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Thursday, April 18
The Indiana Daily Student

arts

Big-city cabaret comes to town

One-man musical explores life issues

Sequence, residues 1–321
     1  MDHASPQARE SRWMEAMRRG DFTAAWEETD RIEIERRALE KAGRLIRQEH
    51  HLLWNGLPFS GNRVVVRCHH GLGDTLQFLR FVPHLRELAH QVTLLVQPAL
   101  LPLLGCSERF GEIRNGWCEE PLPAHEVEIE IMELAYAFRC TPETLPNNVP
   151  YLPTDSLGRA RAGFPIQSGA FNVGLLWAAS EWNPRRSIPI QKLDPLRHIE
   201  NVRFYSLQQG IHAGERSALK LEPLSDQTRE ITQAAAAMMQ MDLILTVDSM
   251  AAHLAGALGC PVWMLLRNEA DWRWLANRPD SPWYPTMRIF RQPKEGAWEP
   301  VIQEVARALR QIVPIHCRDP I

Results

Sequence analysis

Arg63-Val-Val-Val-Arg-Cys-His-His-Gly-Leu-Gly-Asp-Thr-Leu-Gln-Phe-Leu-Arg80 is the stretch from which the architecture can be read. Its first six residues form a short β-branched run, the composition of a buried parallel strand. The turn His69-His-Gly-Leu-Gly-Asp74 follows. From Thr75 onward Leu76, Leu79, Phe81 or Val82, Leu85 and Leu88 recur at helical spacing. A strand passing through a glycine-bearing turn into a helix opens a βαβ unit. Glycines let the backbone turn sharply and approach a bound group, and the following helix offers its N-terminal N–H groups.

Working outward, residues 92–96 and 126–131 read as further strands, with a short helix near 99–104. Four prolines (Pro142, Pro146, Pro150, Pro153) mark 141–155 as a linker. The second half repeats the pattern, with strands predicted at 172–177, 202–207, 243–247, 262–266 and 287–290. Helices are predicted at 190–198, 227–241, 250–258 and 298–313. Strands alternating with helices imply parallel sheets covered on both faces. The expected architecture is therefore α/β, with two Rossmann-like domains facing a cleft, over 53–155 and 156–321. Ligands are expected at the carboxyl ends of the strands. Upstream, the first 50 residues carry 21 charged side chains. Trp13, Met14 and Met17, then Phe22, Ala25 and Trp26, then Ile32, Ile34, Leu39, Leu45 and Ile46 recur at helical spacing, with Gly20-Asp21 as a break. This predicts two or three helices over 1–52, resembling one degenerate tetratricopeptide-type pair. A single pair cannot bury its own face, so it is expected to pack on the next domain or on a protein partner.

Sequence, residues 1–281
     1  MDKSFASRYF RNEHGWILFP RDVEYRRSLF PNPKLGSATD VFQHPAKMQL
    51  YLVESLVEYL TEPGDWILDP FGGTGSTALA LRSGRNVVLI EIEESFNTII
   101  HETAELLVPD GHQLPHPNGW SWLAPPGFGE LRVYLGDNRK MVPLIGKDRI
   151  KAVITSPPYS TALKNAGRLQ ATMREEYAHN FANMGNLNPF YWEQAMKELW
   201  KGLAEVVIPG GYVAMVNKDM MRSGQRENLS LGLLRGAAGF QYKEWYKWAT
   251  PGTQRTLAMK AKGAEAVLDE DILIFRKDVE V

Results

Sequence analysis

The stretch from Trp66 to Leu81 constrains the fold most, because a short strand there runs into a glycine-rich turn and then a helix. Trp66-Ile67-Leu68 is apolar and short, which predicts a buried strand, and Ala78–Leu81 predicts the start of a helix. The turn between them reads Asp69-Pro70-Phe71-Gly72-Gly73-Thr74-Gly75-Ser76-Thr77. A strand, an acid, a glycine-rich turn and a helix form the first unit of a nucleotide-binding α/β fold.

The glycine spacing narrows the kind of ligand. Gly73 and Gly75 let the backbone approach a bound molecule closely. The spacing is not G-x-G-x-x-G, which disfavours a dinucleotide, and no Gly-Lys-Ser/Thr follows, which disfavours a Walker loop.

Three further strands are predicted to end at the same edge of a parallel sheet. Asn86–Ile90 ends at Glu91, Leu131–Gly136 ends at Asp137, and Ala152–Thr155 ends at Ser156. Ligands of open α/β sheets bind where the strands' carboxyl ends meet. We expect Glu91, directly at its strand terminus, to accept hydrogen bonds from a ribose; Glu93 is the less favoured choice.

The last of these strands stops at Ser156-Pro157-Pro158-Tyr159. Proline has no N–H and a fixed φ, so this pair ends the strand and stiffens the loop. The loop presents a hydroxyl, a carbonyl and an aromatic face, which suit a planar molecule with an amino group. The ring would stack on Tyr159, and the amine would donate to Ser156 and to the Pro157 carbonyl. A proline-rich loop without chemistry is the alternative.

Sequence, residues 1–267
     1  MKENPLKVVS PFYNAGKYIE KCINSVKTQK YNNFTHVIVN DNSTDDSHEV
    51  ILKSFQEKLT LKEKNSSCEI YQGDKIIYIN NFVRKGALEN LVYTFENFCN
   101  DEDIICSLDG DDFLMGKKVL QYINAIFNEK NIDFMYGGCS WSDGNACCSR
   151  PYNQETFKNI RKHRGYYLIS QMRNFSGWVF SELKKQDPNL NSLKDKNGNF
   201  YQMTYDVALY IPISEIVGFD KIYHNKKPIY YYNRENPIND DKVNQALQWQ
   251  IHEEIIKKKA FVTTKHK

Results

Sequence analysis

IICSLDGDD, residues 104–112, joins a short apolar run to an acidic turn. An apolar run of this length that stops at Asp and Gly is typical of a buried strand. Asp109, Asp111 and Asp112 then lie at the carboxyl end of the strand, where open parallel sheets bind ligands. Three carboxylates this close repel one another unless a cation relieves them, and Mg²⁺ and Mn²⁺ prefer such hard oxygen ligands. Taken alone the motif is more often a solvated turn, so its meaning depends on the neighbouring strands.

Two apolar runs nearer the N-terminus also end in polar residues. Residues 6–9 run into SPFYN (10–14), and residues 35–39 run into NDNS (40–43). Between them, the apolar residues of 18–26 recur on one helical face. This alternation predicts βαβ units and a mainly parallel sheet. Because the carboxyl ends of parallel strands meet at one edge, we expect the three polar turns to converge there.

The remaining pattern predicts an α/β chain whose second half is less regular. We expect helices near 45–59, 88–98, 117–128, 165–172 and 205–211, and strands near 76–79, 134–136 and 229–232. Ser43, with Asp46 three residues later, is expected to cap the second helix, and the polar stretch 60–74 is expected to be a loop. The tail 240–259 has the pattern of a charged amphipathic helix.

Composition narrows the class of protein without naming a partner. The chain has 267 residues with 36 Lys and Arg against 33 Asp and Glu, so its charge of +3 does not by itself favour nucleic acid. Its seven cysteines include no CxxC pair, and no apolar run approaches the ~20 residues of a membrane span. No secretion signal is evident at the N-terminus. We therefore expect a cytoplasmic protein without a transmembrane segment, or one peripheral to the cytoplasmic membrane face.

Tonight the Bloomington Playwrights Project invites the audience to take part in one-of-a-kind experience that will explore the detours of life through song. Washington D.C. performer Colin James' original one man cabaret "Detour Ahead" will be held tonight and tomorrow at the BPP at 8 p.m.\nThe performance is part of the BPP's Cabaret Nouveau Series and will be the first time the series has featured a male artist. The songs in the show are familiar tunes but they are used to illustrate a story about the performer's life.\n"It is personal because each cabaret can only be done by that person. Each cabaret is about a personal journey and usually has a theme," said Candace Decker, Marketing Director at the BPP, who is also a cabaret artist.\n"I look at it as sharing your life. You are the host and the audience is your guest."\nThe show James has prepared is not only deeply personal but also appeals to a broad audience by revealing the lessons of life.\n"The show is called "Detour Ahead" and it touches on many things in my life that are current and lessons that I have learned in my life. I think that I have learned that things don't always turn out how we plan and life sends us detours from time to time," James said.\nJames' decision to pursue a career in cabaret is an example of one of his detours. He has his Master of Music degree in Opera performance from the University of Maryland but his opera path took a turn in a new direction. Two years ago when attending a cabaret symposium at The Eugene O'Neil Theatre in Waterford Connecticut he fell in love with cabaret.\n"It changed my life ... I am very grateful for my training in Opera performance but Cabaret suits my personality much more. Sometimes it takes a singer a while to find his or her voice," James said.\nCabaret relies on a shared experience and culture between the artist and audience to achieve a connection.\n"I hope the audience will enjoy themselves and hear the songs and connect with what the lyrics are saying and connect with me as well. That intimate connection is what Cabaret is all about," James said. \nIt is the personal nature of cabaret that makes it intimate as well as challenging for many performers.\n"Because it is generated from the individual instead of hiding behind a character it is much more risky to get up on stage and be yourself. You can't blame it on the writer," said BPP artistic director, Richard Perez. \nCabaret is unique because it combines elements of comedy, theater, musicals, and stand-up. This small art form is common in many large cities but not in the midwest. The BPP is the only place in Bloomington where cabaret is performed regularly. \n"It gives people a chance to be introduced to cabaret because it is not as common here as it is in big cities. It gives us a chance to work different types of artists we don't usually work with," Perez said.\n"It is important for us as a theatre company to not rest on our laurels and experiment with different theatrical forms."\nIn order to give the BBP's cabaret performances more of the air of big city cabarets that take place in a bar-like atmosphere a reception with wine and food will be held before the performances.\nPerhaps it is not necessarily atmosphere but a special type of performer that is needed to make a winning cabaret.\n"I think it takes someone who is willing to be honest and real as a performer. There is no fourth wall between the performer and the audience ... There are specific skills one needs to learn to be successful in cabaret," James said. One of the elements of cabaret is patter, that is where the performer talks with the audience. Not everyone is willing to do that."\n"Detour Ahead" will run on June 17 and 18 at 8 p.m. at the BPP at 312 S. Washington St. Tickets are $15. Student and senior tickets are $10. Reservations are encouraged.

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